“I used to like to tell everybody I was the most successful third-party candidate in Utah history,” said Jim Bennett, the UUP nominee who won 9.3% of the vote in a special 2017 congressional race won by Rep. John Curtis, R-Utah, after former GOP Rep. Jason Chaffetz resigned.

(Francisco Kjolseth | The Salt Lake Tribune) The United Utah Party has their Salt Lake County convention at Midvale Middle School in Midvale on Saturday, Nov. 2, 2019. The 2-year-old party hoped to attract people upset with the extreme right and left.

“That’s not true anymore because Eric Eliason ran last cycle [against Rep. Rob Bishop], and he did better” winning 11.6%, said Bennett, the son and one-time campaign manager of the late GOP Sen. Bob Bennett, and grandson of former GOP Sen. Wallace F. Bennett.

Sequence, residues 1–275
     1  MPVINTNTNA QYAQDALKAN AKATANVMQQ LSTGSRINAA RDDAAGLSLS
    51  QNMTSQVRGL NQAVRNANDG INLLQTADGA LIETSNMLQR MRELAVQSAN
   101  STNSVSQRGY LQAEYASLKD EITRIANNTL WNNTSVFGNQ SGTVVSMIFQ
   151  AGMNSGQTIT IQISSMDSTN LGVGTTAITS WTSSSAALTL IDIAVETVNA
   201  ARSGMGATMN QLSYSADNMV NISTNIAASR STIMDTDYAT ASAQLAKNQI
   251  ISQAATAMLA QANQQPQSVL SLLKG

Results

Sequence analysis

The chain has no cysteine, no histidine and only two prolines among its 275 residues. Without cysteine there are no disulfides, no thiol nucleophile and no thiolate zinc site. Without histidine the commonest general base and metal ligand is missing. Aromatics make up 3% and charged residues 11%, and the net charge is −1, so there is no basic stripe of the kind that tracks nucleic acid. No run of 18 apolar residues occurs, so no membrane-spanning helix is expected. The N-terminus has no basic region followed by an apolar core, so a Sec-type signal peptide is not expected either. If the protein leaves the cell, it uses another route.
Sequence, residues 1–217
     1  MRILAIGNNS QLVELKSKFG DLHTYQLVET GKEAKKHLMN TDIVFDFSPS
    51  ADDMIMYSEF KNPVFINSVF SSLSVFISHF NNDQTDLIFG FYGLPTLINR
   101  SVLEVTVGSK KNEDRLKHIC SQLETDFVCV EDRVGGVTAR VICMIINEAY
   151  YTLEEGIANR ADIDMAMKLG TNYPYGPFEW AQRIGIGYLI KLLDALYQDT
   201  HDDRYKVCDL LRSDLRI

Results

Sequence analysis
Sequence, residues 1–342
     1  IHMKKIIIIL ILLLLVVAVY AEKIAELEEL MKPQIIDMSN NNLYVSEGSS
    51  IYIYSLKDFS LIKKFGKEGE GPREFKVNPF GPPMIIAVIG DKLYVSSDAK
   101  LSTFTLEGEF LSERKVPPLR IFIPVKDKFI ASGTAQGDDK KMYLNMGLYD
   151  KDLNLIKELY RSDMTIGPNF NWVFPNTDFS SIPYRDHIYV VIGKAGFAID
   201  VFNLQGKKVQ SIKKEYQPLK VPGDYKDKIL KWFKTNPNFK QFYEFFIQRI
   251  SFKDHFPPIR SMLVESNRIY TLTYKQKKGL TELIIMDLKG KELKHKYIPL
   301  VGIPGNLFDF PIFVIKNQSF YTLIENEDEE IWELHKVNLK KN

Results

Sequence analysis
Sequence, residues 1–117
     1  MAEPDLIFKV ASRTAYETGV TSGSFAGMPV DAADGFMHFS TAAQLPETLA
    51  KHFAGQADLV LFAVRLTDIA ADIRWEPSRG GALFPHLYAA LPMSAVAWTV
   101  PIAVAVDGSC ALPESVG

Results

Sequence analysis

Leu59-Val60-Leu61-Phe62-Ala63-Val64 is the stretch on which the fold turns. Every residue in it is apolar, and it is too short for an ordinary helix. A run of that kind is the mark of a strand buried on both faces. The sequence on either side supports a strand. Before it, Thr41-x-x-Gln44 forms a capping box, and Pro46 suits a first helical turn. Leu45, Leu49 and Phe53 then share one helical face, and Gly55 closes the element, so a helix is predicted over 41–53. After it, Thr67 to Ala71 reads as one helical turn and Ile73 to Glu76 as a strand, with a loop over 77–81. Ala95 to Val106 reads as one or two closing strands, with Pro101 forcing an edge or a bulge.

Davis and Bennett both find such performances promising. But Davis says they still are not good enough yet to stop a belief among many Utahns that a third party just cannot win here and voting for them is throwing away a vote.

“We have to start winning elections,” agrees Bennett, who often acts as a party spokesman.

Until then, he says many Utahns also see no reason to register as members of the UUP — especially because it allows even nonmembers to participate in its functions. Republicans, in contrast, allow only registered party members to participate in its primaries and caucuses.

“Even members of my own family are not willing to register [with the UUP] because they lose access to voting in [GOP] primaries,” which often are the real races for many offices in heavily Republican Utah, Bennett said. “It’s true of even my wife,” whom he says votes for every UUP candidate she can in the general election — but still wants to vote in GOP primaries.